#238
May2810, 01:38 PM

P: 1,568

1. [tex]\frac{m}{r_0^2}[/tex] (my derivation based on lagrangian mechanics and K.Brown's) 2. [tex]\frac{m}{r_0^2\sqrt{12m/r_0}}[/tex]? 


#239
May2810, 01:54 PM

P: 3,967

[tex]\frac{d^2r}{dt^2}=\frac{m}{r^2}(12m/r)[/tex] or: [tex]\frac{d^2r}{dt^2}=\frac{m}{r_0^2}(12m/r_0)[/tex] (the two equations are synonymous at that instant). This agrees with the equation given for coordinate acceleration in post #1 for the specific instance of a particle at its apogee and with the equation beautifully derived by Dalespam for the same specific instance. 


#240
May2810, 02:03 PM

P: 3,967




#241
May2810, 02:15 PM

P: 1,568




#242
May2810, 02:26 PM

P: 801




#243
May2810, 02:34 PM

P: 18

By the way, it isn't a good idea to talk about "the coordinate" variables, because there are infinitely many coordinate systems, and even the socalled "proper" variables are equal to coordinate variables for some suitable choice of coordinates. To avoid confusion, it's best to just say exactly what you mean (assuming you know what you mean). 


#244
May2810, 04:32 PM

P: 1,568

[tex]U=(dx/d\tau,dy,d\tau,dz/d\tau,d(ct)/d\tau)[/tex] (see also Rindler, p.99, Moller p.288)) IF what you were saying were true, the coordinate acceleration a would not show up in the definition of the fourvector [tex]A[/tex], nor would we be able to calculate proper acceleration [tex]a_0[/tex] from the conditon [tex]A=(a_0,0)[/tex] for [tex]u=0[/tex] 


#245
May2810, 04:34 PM

P: 1,568




#246
May2810, 04:53 PM

P: 801

Otherwise, I will choose a third option allowed by GR: 3. [tex]a_0=2\pi r[/tex], where [tex]a_0[/tex] is defined as the circumference of the moon. 


#247
May2810, 05:23 PM

P: 18




#248
May2810, 05:33 PM

P: 3,967

The acceleration of the particle as it passes the surface observers is measured by the Schwarzschild observer at infinity using Schwarschild radial coordinates and Schwarzschild coordinate time. Let's call this the coordinate acceleration of the particle [tex]a = (d^2r/dt^2)[/tex]. The observers on the shell measure the acceleration using their local measuring devices. Let's call this the local acceleration [tex]a' = (d^2r'/dt' ^2)[/tex] The ratio between [tex](d^2r/dt^2)[/tex] and [tex](d^2r'/dt' ^2)[/tex] will always be: [tex]a' = a\gamma^3[/tex] where [itex]\gamma = 1/\sqrt{(12M/r)} [/itex] and r is the radius of the massive body, to first order and for a sufficiently local measurement, for a particle dropped from any height greater than r. (as far I can tell)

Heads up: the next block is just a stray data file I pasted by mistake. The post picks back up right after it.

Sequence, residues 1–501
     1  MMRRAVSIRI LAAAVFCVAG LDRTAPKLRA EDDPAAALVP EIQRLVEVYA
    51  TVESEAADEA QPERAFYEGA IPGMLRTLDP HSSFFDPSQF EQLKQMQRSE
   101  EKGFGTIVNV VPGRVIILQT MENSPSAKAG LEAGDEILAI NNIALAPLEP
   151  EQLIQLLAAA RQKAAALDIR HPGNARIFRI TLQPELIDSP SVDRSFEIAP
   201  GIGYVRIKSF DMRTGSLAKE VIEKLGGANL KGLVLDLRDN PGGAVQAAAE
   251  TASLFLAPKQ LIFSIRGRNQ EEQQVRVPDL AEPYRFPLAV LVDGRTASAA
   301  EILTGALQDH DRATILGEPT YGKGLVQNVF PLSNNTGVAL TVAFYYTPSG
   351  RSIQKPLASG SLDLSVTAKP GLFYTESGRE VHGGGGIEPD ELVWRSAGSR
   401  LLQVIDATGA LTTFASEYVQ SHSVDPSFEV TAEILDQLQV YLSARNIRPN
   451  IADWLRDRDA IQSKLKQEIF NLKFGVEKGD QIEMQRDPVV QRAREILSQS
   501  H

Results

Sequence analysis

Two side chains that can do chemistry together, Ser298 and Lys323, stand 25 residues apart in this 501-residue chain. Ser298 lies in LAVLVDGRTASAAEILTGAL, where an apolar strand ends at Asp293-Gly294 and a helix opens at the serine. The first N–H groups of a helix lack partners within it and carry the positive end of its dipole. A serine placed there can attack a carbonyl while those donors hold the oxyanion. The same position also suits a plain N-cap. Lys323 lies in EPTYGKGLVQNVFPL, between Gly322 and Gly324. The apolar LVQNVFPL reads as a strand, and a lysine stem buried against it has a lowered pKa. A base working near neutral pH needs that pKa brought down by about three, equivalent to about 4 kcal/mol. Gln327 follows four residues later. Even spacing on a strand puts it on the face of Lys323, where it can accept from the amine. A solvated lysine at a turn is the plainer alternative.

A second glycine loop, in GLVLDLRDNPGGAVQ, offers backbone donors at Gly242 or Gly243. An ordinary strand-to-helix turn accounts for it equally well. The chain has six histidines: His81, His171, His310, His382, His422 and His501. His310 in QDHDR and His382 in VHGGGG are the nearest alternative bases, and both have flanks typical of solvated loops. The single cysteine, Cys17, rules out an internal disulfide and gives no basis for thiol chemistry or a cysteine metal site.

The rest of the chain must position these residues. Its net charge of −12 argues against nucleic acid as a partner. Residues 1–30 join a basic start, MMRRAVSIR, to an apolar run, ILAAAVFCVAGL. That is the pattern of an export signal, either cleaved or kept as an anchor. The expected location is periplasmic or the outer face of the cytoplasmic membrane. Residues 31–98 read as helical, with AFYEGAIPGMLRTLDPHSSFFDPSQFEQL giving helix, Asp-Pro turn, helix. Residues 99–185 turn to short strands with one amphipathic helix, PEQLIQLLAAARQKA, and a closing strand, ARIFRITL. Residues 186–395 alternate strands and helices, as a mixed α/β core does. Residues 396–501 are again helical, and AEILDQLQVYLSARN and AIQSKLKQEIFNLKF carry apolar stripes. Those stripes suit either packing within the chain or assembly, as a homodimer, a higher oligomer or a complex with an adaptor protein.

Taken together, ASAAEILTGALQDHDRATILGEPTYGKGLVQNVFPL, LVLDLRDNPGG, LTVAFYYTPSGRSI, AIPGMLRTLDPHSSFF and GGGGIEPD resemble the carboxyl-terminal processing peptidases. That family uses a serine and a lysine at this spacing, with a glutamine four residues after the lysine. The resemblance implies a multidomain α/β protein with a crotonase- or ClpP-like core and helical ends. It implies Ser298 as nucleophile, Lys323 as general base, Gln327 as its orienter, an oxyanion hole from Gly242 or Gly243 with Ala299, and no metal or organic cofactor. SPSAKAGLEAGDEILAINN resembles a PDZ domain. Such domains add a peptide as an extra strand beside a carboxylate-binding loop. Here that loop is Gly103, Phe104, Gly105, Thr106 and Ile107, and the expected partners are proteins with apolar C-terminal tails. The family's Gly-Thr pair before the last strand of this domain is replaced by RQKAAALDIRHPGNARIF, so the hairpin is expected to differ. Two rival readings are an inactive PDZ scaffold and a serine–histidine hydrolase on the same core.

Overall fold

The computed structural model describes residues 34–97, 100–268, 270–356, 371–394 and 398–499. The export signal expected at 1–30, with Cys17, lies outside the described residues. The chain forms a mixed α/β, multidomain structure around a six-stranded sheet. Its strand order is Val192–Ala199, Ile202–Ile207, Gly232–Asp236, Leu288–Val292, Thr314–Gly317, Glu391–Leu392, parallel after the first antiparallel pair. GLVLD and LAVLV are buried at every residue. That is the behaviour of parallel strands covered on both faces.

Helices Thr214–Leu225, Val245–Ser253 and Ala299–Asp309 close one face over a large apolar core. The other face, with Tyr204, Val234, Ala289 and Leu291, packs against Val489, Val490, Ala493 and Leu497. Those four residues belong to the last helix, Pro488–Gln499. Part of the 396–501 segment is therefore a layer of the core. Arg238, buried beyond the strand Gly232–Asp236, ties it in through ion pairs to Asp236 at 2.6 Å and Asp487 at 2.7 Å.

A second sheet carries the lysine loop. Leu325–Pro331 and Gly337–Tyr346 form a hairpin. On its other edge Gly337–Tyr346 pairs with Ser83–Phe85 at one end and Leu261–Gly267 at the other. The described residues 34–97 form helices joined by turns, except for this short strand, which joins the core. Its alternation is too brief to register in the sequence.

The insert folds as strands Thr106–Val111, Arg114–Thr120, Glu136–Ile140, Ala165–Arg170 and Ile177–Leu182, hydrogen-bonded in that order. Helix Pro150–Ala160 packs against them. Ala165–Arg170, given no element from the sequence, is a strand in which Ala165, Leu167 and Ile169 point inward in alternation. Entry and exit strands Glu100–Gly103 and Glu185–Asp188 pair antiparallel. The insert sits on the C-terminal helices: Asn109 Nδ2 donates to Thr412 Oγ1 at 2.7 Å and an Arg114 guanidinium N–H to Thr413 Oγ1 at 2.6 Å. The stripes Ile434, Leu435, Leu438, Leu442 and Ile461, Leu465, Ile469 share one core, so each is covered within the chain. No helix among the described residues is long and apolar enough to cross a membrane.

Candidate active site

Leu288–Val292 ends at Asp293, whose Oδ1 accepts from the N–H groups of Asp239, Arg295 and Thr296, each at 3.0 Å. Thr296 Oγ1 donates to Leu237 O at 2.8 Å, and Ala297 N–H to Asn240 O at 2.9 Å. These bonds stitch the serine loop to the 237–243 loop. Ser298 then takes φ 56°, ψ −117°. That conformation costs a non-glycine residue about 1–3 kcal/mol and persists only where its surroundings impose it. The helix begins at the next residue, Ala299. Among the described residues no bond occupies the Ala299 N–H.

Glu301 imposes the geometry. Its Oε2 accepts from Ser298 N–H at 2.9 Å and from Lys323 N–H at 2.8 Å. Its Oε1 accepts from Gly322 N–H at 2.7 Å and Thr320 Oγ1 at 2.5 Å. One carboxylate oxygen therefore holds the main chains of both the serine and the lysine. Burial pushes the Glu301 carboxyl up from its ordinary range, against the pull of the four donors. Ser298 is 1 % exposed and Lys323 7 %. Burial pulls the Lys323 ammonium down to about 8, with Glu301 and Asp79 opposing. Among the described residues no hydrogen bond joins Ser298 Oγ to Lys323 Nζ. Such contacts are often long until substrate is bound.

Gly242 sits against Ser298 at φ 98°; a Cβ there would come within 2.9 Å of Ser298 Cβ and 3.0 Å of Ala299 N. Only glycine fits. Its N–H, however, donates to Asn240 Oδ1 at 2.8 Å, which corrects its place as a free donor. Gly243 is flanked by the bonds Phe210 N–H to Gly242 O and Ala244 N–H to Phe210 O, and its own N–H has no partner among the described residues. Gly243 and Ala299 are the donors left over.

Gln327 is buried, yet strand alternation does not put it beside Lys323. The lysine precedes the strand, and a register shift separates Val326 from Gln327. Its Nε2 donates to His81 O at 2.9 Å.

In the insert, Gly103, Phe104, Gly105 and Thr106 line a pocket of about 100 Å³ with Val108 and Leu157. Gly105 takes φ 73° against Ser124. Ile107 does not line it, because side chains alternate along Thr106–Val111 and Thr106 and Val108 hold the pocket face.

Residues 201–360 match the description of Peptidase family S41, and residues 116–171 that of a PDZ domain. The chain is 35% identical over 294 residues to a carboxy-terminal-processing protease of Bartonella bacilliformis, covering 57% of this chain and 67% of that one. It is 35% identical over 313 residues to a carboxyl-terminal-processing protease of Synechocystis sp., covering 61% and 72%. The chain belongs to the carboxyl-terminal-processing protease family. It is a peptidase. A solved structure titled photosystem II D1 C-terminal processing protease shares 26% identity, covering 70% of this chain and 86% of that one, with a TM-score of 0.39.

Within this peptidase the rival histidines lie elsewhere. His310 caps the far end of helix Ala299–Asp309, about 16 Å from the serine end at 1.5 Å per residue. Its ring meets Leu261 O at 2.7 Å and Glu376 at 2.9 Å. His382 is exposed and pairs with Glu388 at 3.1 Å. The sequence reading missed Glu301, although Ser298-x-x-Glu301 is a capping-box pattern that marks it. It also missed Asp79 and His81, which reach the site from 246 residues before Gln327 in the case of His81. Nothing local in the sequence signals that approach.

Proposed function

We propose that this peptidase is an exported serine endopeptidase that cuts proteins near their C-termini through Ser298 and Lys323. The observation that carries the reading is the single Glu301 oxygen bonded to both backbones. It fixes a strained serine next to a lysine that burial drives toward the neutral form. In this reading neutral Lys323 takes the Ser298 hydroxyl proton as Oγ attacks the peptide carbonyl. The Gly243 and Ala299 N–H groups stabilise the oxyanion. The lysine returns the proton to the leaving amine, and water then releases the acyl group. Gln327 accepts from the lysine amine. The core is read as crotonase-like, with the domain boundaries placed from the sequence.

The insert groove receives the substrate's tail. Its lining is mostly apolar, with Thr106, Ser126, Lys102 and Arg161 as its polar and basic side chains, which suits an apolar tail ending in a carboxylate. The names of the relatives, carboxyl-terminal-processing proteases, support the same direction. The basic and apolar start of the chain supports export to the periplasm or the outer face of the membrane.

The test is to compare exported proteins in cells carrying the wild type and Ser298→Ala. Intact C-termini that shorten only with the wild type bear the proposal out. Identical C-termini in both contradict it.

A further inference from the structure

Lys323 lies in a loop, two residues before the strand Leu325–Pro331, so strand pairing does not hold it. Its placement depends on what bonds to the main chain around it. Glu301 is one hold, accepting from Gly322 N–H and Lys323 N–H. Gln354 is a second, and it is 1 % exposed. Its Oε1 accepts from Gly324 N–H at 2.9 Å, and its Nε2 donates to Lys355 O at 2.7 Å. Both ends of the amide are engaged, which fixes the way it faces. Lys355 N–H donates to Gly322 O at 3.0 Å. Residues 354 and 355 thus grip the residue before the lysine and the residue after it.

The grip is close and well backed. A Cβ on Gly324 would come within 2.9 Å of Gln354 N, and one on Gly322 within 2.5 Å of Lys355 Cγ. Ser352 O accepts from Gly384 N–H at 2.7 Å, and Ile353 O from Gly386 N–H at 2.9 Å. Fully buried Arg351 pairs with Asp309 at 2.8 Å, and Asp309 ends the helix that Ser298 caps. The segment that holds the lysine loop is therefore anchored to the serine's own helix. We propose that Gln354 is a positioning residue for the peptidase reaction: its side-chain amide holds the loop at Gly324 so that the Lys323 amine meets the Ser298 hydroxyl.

#249
May2810, 05:45 PM

P: 1,568




#250
May2810, 05:56 PM

P: 1,568

[tex]a=\frac{d^2r}{dt^2}=\frac{m}{r^2}(12m/r)(3\frac{12m/r}{12m/r_0}2})[/tex] [tex]a_0=\frac{d^2r}{d\tau^2}=\frac{m}{r^2}[/tex] (Even if we accepted that the above might be of the form: [tex]a_0=\frac{d^2r}{d\tau^2}=\frac{m}{r^2 \sqrt{12m/r}}[/tex] it still isn't true) Why does this nonsense about [tex]a_0=a\gamma^3[/tex] has so much fascination for you? 


#251
May2810, 06:13 PM

P: 3,967

Do you agree that a' as measured in the MCIF is equivalent in magnitude to the proper acceleration of the particle? i.e [tex]a' = a_0[/tex] Do you agree that [tex]a_0 = d^2x'/dt'^2[/tex] and not [tex]a_0 = d^2x/dt'^2\;\; [/tex]? (i.e. the local or proper acceleration is measured using local rulers and clocks and not coordinate distance) 


#252
May2810, 06:28 PM

P: 18